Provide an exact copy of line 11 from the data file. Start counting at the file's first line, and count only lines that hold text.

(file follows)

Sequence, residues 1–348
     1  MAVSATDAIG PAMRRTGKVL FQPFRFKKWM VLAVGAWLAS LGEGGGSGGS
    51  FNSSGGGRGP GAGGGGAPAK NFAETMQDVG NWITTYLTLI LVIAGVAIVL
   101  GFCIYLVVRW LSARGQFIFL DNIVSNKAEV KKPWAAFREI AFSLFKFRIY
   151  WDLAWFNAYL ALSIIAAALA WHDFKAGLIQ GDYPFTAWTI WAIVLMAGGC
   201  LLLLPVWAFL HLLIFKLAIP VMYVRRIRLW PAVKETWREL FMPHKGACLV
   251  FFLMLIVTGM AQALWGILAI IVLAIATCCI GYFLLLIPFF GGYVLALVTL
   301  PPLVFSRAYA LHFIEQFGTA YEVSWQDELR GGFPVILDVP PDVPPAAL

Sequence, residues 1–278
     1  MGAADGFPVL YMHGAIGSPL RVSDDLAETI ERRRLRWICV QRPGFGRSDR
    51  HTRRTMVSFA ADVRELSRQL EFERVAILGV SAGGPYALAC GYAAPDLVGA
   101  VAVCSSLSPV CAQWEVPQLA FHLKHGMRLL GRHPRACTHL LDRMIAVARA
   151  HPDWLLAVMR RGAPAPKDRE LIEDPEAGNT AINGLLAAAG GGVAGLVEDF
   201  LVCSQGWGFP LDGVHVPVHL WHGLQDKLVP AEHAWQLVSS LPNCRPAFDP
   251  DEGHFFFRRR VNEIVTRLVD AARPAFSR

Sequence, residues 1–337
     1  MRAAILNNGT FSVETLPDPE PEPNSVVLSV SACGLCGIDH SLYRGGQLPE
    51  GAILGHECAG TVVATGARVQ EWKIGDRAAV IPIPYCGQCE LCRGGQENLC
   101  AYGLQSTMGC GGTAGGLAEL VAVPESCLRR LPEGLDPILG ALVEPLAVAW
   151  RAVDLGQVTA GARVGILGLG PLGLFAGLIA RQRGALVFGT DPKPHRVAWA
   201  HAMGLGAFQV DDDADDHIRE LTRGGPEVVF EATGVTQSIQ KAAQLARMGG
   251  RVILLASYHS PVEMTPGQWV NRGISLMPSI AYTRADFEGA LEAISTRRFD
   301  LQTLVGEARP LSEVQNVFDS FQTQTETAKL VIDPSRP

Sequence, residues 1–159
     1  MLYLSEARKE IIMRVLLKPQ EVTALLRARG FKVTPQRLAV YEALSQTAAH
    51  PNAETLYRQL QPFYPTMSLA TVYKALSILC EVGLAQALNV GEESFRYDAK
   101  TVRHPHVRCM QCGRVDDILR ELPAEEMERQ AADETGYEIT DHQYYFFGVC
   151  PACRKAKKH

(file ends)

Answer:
    51  HTRRTMVSFA ADVRELSRQL EFERVAILGV SAGGPYALAC GYAAPDLVGA